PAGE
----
Since their partnership with Fox, the UFC has opened the gates and let the fights pour forth, straight onto “free TV.”
But at the same time, there seems to be something missing, and it is clear what it is: PPV-quality cards.
For some, this is totally expected. They see Fox much the same way they saw Spike TV, and then the question becomes “why should the UFC give away a PPV-quality card?”
The answer is simple: because Fox is the key to a much bigger kingdom.
Imagine what the audience response would have been like if the UFC had put the Dan Henderson vs. Shogun card on Fox. They would have eaten it up; swallowing the hook so deep they’d never get it out.
When you get such a big audience, then you should be looking to make an equally big impression. While previous Fox cards have been good, they could be so much better.
Of course, there is no crystal ball available that allows the company to know for sure if a PPV card is going to be great; after all, UFC 33 looked good on paper, but ended up being a disaster.
Still, this whole new relationship with Fox is seeing both sides take risks in order to help the sport explode to the levels they clearly believe in. If you’re going to take risks, then putting a PPV-quality card on Fox is the smart risk to take.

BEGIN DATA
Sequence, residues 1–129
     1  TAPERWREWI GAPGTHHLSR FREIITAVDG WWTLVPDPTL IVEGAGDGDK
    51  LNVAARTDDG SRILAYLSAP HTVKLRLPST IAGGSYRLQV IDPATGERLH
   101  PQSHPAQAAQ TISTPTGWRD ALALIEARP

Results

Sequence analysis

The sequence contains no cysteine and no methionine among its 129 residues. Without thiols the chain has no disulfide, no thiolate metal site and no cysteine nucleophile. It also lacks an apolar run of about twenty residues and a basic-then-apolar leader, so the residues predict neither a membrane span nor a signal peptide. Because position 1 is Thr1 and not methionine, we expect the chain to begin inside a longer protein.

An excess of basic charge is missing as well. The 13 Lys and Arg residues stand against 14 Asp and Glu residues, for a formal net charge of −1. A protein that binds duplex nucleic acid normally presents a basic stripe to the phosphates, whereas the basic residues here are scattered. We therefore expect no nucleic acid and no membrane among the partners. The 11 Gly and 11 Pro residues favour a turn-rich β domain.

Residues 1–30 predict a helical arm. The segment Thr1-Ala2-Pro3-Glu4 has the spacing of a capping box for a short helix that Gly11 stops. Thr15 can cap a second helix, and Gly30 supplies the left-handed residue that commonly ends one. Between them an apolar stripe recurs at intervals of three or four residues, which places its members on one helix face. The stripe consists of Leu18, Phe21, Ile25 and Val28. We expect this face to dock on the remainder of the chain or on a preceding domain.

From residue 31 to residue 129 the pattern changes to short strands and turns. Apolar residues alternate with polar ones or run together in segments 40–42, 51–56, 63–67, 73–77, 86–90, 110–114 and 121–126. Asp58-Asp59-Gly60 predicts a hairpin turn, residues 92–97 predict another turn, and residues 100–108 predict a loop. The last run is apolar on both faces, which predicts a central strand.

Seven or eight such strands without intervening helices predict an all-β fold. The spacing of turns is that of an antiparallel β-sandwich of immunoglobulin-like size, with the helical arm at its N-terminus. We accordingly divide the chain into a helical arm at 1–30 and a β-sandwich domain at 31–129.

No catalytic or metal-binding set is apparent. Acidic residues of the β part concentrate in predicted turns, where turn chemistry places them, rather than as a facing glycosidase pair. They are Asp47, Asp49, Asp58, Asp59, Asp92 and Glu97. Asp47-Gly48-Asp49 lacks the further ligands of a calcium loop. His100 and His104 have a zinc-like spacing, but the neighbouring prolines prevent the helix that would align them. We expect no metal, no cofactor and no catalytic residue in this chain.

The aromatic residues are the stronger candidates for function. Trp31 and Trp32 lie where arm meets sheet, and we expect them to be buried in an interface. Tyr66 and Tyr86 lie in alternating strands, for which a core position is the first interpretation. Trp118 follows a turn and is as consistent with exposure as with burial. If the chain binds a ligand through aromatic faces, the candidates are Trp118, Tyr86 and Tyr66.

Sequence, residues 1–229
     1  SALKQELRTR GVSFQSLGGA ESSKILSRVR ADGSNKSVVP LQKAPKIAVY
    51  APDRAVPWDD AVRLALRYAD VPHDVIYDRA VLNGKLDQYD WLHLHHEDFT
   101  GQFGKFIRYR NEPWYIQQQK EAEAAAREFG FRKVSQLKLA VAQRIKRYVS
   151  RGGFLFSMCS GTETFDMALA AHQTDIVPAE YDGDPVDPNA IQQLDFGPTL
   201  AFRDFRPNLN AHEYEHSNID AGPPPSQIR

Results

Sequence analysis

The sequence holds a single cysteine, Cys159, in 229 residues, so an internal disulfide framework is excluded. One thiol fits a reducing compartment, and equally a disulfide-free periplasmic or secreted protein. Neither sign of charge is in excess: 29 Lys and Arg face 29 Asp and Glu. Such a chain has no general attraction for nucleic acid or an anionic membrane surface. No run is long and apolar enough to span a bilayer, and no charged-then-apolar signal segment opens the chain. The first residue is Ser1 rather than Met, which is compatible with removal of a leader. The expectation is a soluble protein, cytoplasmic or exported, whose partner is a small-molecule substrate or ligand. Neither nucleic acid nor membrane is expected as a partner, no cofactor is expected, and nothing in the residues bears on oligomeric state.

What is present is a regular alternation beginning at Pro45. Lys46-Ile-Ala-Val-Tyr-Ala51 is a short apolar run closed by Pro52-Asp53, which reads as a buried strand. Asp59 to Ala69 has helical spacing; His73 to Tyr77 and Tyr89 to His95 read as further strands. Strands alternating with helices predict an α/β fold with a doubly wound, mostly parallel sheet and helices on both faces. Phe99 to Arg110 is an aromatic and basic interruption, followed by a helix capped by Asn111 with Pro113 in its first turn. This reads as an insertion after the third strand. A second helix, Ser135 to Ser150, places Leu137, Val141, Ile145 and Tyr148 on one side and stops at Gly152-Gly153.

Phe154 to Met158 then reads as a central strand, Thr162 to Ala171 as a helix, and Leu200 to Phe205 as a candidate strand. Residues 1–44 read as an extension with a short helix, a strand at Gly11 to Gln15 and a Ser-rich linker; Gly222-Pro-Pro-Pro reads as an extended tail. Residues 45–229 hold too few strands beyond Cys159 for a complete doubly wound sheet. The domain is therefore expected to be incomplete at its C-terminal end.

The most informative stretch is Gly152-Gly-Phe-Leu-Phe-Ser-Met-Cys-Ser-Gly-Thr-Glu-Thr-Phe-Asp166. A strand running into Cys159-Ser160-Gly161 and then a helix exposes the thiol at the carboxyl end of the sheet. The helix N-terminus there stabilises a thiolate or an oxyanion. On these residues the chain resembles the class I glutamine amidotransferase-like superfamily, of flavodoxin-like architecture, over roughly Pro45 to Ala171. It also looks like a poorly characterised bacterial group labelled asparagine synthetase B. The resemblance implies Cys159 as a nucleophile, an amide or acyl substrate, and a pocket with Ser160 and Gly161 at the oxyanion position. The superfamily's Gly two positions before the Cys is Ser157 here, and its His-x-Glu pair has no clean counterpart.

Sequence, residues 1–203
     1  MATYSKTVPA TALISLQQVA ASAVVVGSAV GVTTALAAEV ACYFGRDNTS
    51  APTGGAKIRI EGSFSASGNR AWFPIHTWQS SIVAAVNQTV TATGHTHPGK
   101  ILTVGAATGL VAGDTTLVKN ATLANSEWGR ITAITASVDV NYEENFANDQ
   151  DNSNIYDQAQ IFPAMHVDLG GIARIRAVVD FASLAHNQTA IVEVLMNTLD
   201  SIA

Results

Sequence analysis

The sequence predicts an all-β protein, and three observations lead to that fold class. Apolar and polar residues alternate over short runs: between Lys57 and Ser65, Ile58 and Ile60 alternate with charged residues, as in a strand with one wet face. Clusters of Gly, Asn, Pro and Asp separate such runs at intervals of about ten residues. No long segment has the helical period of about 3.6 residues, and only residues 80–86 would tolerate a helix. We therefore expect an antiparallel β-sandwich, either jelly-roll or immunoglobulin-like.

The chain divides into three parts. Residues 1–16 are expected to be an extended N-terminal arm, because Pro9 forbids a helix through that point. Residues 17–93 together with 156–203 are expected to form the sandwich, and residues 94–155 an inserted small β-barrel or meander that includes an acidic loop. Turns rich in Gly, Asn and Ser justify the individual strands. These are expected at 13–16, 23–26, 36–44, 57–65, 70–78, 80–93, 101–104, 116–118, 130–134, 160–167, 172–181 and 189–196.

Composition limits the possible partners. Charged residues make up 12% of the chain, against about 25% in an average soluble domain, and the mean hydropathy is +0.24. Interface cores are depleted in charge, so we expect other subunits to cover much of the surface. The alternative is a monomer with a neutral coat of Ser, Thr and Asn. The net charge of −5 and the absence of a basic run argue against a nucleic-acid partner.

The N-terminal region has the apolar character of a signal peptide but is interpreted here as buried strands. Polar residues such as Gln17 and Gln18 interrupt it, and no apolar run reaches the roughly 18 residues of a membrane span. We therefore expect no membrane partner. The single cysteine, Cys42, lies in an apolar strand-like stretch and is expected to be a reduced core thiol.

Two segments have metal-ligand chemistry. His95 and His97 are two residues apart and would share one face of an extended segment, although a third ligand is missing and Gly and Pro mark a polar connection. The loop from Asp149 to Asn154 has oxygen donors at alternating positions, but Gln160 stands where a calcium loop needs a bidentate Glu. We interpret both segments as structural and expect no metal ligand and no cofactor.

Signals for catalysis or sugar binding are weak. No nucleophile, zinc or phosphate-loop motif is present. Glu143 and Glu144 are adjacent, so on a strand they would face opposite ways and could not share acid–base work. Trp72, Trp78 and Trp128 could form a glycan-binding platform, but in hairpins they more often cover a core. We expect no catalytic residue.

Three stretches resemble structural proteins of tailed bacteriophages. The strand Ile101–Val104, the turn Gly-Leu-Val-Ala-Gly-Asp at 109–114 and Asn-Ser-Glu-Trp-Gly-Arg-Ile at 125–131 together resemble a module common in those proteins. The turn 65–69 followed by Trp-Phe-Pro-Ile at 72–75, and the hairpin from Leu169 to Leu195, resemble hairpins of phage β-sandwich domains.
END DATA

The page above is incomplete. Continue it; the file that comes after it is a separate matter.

And they need to be taking that risk once every three months.
If the company is really going to put themselves out there for mass consumption, then they really need to go all out, once per quarter. If the sport has proven anything, it’s that it makes an impression, one way or the other.
And if you’re going to make an impression, it might as well be a big one.
Consider for a moment UFC 150, this coming August. You have a rematch between Benson Henderson vs. Frankie Edgar for the lightweight title, which more probably than not is going to be a good fight.
You also have Jake Shields, Yushin Okami, Luiz Cane and Ed Herman, and there are sure to be other big-name fighters rounding out the main card as well.
This would be a great card to put on Fox; it has a title bout in a division known for action, and everyone loves anniversaries.
Of course, there are also arguments against this, mainly coming from the crowd that believes you shouldn’t give something away for free when people are willing to pay big money for it.
That is all well and good, except I don’t think putting forth PPV-quality cards on Fox is “giving away” anything.
I look at it as making an investment; showing the people that should they spend their time on a Fox channel, this is what they will receive.
And should that PPV-quality card be as good as UFC 100, or UFC 139: Henderson vs. Shogun, or UFC 116, then many more people are going to get very comfortable with the notion of spending more time with the sport.